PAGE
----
Dozens of protesters were arrested and police officers injured on Friday in a second night of violent clashes in Paris over French President Emmanuel Macron’s attempt to introduce an increase in the country retirement age without a vote in the National Assembly.
Several thousand people gathered in the Place de Concorde around a large bonfire as protesters continued to press Macron’s government, which will face no-confidence motions on Monday. Chants of “Macron, resign” could be heard in the audience.
As they did on Thursday night, riot police charged into the crowd and threw tear gas to empty the huge square opposite the National Assembly. Some protesters grabbed wooden planks from a nearby renovation site to arm themselves and threw fireworks and rocks at police.
At least five police officers were injured in the melee, France Info and other local media reported, and between 60 and 70 protesters were arrested.
French Interior Minister Gerald Darmanin told radio station RTL that 310 people were arrested the night before, most of them in Paris.
On Friday night, small groups broke away from the main gathering and started street fires in nearby neighborhoods.
By the time Saturday dawned, these streets and the Place de Concorde had largely returned to calm.
Mostly small, scattered protests were held in cities around France, from a march in Bordeaux to a demonstration in Toulouse.
Unions organizing the opposition urged protesters to remain peaceful during more strikes and marches in the coming days. They have called on people to walk out of schools, factories, refineries and other workplaces to force Macron to abandon his plan to make the French work two more years, until 64, before he receives a full pension.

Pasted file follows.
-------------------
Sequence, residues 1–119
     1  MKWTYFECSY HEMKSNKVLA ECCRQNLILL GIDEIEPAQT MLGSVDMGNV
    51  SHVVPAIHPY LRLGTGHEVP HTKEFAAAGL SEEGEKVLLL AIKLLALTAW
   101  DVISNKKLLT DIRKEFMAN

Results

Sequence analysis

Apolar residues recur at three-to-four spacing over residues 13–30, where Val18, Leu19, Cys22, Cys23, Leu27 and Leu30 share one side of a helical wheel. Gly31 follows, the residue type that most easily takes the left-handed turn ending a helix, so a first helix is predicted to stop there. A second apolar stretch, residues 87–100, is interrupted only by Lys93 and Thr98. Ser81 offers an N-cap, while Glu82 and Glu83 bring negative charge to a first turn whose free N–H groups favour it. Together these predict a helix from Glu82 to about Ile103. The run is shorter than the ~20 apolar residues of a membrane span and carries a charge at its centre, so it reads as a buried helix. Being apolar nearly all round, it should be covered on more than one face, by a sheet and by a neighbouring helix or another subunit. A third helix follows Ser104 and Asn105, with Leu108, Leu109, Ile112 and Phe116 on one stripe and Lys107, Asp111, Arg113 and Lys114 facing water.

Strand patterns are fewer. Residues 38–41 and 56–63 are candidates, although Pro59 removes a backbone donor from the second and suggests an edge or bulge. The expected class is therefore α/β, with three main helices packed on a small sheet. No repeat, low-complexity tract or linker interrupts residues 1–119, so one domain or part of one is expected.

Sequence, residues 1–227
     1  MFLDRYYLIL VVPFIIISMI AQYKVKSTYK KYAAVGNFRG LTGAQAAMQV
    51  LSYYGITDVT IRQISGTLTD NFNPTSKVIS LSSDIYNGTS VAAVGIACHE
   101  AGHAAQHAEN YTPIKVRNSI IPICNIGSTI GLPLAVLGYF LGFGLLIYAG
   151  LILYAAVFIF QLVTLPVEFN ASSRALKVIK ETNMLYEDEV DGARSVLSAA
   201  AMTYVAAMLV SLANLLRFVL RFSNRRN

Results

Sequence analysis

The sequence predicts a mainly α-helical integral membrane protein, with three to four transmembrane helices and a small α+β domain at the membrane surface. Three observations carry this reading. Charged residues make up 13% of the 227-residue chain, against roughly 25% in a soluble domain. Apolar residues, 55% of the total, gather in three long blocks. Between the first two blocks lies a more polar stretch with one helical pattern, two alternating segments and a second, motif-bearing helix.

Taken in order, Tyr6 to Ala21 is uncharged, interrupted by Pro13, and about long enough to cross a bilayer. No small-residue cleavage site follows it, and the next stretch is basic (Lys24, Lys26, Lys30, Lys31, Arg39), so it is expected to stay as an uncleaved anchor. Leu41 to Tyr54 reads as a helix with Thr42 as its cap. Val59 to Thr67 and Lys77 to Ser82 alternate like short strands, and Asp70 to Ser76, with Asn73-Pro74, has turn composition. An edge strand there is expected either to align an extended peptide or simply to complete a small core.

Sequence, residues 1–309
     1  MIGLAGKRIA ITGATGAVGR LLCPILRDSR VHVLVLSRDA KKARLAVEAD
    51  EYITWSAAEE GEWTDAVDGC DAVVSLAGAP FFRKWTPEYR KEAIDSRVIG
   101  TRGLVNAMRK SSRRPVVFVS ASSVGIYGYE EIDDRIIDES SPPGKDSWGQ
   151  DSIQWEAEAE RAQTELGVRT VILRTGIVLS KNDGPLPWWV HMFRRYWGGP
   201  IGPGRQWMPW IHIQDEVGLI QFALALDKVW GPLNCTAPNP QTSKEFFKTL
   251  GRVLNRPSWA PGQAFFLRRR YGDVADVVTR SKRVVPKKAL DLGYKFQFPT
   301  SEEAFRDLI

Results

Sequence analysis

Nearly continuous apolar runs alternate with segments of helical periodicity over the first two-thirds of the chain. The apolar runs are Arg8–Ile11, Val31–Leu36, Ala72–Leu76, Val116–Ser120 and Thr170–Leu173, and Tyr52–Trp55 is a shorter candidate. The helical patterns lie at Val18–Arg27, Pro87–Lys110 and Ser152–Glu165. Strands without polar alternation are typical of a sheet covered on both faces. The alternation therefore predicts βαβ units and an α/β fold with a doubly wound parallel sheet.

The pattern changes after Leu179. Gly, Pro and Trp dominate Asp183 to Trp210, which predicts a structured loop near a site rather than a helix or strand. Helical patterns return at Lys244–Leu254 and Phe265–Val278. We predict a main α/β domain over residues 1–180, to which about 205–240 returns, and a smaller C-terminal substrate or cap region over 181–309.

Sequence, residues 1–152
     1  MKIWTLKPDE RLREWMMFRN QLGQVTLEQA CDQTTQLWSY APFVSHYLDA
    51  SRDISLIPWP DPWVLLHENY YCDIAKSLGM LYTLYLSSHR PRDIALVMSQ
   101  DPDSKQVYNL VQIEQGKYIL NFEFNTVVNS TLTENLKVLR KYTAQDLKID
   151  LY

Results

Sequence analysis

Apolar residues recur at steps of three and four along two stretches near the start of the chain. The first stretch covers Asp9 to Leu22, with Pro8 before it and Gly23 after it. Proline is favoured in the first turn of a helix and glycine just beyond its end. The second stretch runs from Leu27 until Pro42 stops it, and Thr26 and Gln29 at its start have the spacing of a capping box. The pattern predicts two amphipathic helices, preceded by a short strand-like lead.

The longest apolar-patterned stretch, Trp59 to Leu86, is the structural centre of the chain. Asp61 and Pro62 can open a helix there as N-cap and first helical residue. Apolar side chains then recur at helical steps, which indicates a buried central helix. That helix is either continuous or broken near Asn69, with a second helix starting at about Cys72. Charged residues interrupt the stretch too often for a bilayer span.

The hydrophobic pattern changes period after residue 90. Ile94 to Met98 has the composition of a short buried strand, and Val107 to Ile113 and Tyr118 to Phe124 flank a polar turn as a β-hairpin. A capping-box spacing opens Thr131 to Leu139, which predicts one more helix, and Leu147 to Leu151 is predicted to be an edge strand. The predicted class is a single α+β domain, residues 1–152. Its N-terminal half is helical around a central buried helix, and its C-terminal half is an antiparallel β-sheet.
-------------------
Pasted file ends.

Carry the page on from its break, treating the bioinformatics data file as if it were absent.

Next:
Macron’s government has said the plan is necessary to save a strained pension system. But the French people are deeply committed to maintaining the official retirement age of 62, which is among the lowest in OECD countries.
“We will not stop,” CGT union representative Regis Vieceli told The Associated Press on Friday. He said overwhelming the streets with discontent and refusing to continue working is “the only way we’re going to get them to back down.”
Paris garbage collectors extended their strike for a 12th day, with piles of foul-smelling rubbish growing daily in the French capital. Striking sanitation workers continued to block Europe’s largest incinerator and two other sites that treat Paris’ garbage.
Teachers’ unions called for strikes next week, which could disrupt the symbolic high school graduations.
Some yellow vest activists, who launched formidable protests against Macron’s economic policies during his first term, were among those who broadcast Friday’s Paris protest on social media. Police say “radicalized yellow vests” are among troublemakers at protest marches.
Macron asked Prime Minister Elisabeth Borne to invoke a special constitutional power to avoid a vote in the chaotic lower house on Thursday, worried he could not get majority support for the plan.
Left-wing and centrist opposition lawmakers submitted a motion of no confidence to parliament on Friday afternoon.
If the no-confidence votes fail, the bill becomes law. If a majority agrees, it would spell the end of the pension reform plan and force the government to resign, although Macron could always reappoint Borne to name the new government.
But the protesters made it clear that Macron’s attempt to cross a line.
Going ahead without a vote “is a denial of democracy … a total denial of what has been happening in the streets for weeks,” 52-year-old psychologist Nathalie Alquier told Reuters in Paris. “It’s just unbearable.”
— with files from The Associated Press and Reuters
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